So, if Ghawar is confirmed to be in decline, it likely means that the entire world is as well. Of the four oil "super-giant" oil fields, three are officially in decline: Mexico's Cantarell, Russia's Samotlor, and Kuwait's Burgan. Though Ghawar has not "officially" been so declared, the implications of the facts noted above are clear.

The question of whether Ghawar's production is in permanent wane is of vital importance for the global industrial society, yet it has never been broached in a serious way by the mainstream media. To me, it is a very ominous development when such an issue can get shunted to the side, while useless celebrity gossip gets top the billing.

As Chip Haynes, the author of the first noted article, so eloquently puts it:
"So is the Ghawar dying? Does it matter? There may come a time when all the SUVs in Los Angeles will roll to a tank-dry halt. After the riots and the wars, after the yelling and screaming and dying, what's left of humanity (if we have any humanity left) will stand up, dust itself off and get on with Life. The Ghawar, virtually unknown today, will be all but forgotten by then. The troubles of Saudi Arabia and the Middle East will cease to be a common feature of the nightly news, as they would no longer have anything to offer the West -- nothing left to fight over. Just footnotes in a history book."

found at  http://english.ohmynews.com/articleview/article_view.asp?no=345366&rel_no=1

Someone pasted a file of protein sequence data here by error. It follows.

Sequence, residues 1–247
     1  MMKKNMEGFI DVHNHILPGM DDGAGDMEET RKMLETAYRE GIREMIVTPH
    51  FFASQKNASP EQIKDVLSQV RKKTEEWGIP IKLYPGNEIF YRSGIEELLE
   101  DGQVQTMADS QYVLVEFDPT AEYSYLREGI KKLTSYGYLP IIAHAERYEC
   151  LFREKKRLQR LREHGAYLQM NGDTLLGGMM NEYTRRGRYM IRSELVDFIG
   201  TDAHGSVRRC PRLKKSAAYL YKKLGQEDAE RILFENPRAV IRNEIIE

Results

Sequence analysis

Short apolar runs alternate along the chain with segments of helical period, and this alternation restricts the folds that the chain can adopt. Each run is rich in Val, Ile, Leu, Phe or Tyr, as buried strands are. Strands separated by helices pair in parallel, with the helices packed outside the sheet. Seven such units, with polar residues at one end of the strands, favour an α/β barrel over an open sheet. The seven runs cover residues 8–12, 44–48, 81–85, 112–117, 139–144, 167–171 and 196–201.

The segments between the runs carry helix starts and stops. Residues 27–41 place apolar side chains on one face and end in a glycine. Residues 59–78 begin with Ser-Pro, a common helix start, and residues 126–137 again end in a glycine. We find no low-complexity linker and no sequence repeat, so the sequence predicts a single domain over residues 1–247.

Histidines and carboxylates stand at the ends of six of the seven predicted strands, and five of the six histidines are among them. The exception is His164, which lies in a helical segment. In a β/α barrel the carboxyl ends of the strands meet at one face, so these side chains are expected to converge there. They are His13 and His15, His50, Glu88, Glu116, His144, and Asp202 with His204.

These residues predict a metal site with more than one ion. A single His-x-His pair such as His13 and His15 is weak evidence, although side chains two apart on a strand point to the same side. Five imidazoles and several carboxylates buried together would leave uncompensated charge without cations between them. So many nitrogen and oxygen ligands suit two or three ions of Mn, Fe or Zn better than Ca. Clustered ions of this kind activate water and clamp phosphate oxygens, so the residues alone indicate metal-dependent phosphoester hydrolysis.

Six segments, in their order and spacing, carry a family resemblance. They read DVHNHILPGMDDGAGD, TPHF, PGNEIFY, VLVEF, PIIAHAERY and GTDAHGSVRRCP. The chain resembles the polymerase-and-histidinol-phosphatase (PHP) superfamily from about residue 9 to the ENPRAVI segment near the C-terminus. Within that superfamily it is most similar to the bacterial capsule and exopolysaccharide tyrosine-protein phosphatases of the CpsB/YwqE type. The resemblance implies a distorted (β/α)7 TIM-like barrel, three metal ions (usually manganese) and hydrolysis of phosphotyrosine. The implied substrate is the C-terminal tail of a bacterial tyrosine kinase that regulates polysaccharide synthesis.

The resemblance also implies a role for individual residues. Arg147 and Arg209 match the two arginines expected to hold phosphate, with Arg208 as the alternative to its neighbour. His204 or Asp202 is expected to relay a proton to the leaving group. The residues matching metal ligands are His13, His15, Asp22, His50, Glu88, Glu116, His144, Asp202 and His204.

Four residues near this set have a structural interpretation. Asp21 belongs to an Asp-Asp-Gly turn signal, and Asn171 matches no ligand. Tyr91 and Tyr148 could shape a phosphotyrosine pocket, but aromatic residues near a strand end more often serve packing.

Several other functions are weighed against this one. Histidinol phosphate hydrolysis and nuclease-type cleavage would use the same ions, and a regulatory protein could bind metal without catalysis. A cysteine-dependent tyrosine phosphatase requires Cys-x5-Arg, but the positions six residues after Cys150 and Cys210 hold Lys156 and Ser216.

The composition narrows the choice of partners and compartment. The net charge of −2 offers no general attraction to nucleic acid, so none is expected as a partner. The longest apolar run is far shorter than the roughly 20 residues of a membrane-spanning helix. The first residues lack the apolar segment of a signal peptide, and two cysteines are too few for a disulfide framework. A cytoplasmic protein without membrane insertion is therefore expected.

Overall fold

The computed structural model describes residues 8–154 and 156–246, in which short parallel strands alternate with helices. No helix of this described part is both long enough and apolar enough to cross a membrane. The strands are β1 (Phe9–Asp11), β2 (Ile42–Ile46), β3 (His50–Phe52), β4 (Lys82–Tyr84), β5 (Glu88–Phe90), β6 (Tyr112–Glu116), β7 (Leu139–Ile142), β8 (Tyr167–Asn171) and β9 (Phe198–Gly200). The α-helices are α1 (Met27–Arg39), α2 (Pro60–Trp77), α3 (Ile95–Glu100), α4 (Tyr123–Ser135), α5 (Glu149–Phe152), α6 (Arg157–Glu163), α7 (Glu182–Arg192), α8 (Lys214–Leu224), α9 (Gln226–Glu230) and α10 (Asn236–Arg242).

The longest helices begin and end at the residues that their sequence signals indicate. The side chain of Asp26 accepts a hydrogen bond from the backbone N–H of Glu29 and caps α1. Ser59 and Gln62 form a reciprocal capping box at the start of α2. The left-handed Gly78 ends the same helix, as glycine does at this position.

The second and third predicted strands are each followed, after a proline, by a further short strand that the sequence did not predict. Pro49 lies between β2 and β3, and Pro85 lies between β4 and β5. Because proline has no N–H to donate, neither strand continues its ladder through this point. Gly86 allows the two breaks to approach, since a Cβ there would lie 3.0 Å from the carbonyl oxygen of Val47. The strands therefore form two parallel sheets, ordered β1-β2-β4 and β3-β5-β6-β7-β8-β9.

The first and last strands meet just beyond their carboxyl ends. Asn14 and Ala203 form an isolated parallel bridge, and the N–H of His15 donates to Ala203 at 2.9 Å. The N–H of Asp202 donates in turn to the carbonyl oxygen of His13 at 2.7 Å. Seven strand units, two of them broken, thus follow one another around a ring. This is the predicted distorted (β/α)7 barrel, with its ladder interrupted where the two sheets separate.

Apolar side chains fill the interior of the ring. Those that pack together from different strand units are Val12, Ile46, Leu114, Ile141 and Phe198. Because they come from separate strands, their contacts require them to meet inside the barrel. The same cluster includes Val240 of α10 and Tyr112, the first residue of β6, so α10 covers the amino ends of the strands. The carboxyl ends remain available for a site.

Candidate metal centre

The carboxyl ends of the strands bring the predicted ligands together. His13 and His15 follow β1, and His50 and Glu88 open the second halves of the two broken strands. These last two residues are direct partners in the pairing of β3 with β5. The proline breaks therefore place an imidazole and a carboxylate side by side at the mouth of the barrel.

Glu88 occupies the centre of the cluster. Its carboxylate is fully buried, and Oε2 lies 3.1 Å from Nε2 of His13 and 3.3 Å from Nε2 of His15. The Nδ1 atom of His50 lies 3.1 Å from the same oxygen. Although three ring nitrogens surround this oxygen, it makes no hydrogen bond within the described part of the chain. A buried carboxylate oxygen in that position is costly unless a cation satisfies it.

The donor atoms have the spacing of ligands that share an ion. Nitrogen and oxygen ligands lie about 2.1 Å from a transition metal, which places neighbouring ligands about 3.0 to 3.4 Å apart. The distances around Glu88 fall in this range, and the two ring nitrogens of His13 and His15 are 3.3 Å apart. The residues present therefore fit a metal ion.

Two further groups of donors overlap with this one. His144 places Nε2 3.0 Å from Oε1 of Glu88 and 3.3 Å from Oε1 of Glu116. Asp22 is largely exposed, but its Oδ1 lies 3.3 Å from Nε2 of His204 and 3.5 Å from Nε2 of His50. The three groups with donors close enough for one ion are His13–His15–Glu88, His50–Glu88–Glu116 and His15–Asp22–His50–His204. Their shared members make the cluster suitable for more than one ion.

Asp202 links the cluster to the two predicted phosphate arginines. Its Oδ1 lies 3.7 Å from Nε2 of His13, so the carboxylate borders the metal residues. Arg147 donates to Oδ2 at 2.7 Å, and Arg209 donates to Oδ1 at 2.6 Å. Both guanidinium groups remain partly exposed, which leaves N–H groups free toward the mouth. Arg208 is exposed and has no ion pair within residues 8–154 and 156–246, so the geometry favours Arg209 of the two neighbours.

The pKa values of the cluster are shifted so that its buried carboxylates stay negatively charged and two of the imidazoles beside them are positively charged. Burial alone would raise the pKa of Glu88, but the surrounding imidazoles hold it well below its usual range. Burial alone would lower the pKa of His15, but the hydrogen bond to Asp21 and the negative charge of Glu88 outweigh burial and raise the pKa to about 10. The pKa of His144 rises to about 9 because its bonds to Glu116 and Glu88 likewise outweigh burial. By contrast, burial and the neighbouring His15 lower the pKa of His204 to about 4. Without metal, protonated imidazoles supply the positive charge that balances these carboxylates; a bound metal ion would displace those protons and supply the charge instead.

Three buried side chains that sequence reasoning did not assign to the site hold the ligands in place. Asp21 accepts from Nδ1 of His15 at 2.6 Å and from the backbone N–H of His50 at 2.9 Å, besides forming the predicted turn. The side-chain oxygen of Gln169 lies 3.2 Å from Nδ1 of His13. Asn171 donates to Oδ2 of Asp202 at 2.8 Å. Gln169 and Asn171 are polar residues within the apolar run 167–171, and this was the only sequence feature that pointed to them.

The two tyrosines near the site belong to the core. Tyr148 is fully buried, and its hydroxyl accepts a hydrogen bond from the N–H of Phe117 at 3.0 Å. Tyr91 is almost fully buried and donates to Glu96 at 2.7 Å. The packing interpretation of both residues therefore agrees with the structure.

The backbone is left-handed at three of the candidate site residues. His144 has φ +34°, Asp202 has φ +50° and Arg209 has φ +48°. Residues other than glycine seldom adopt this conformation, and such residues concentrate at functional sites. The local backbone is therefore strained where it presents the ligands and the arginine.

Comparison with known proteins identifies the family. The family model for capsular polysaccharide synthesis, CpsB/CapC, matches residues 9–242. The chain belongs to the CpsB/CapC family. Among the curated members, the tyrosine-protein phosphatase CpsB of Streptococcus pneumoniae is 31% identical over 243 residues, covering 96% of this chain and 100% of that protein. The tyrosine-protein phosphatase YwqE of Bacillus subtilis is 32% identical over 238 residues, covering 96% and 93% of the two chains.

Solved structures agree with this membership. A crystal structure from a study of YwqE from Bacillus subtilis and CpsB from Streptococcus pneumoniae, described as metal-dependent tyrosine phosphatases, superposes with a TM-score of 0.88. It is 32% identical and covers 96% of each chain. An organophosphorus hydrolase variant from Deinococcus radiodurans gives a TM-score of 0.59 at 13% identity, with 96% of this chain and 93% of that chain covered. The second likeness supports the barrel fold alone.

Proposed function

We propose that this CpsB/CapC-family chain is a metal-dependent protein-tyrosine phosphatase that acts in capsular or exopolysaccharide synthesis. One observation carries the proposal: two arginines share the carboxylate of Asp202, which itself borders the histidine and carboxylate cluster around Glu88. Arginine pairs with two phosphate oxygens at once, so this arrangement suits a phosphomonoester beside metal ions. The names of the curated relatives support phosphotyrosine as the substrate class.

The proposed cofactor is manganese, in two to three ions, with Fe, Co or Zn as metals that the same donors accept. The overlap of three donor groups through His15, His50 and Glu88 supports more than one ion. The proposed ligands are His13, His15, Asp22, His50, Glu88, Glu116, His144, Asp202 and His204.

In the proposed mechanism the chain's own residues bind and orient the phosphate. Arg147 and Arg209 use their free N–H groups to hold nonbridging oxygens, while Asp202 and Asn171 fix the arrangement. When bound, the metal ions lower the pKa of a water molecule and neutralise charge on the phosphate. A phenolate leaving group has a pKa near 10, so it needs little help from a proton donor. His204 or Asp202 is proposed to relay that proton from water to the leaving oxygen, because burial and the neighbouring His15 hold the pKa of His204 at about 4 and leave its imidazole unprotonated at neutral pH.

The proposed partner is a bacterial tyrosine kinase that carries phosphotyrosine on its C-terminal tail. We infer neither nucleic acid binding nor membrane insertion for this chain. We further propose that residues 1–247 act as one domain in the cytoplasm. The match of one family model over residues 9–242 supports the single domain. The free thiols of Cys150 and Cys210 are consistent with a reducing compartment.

Saudi Oil Production Down 8 percent

Posted 2007/03/02 | By: Ryan McGreal

Almost a year ago, on a tip from Richard Gilbert, RTH picked up on a mostly-ignored report in Platts Oilgram News that Saudi Arabia was past its oil production peak.

Today, over at The Oil Drum, Stuart Staniford reports that Saudi Arabian oil production dropped eight percent last year.

Saudi Oil production, Jan 2006 - Jan 2007 (Source: The Oil Drum)
Some commentators - including most peak oil deniers - are arguing that OPEC's oil production dropped last year because they want to maintain high prices.

However, this flies in the face of OPEC's longstanding policy, which is to keep oil trading in the $20-35 dollar range - high enough to be profitable, low enough to price non-conventional oil out of the market, and moderate enough to encourage steady consumption growth of around two percent a year.

We learned reecently that oil production has been stalled at 84 million barrels a day for the past two years, and many buyers, especially in less developed countries, are simply being priced out of the market as sustained high prices destroy market demand.

We are certainly being lied to about Saudi Arabia's oil reserves - and the reserves of every other OPEC country as well. In the 1980s, when OPEC changed its rules so that countries could only export oil based on their reserves, every country's reserve estimates jumped.

In January 2006, a leaked internal memo found that Kuwait's oil reserves were only around 50 billion barrels instead of the 100 billion the Kuwaiti Oil Company had been claiming.

Similarly, we are being lied to about Saudi Arabia's continued ability to crank out millions of barrels a day. Saudi Aramco has been pumping seven million barrels of saltwater a day into its massive Ghawar field just to keep production flat, and the water cut is a significant, and growing, share of the total output.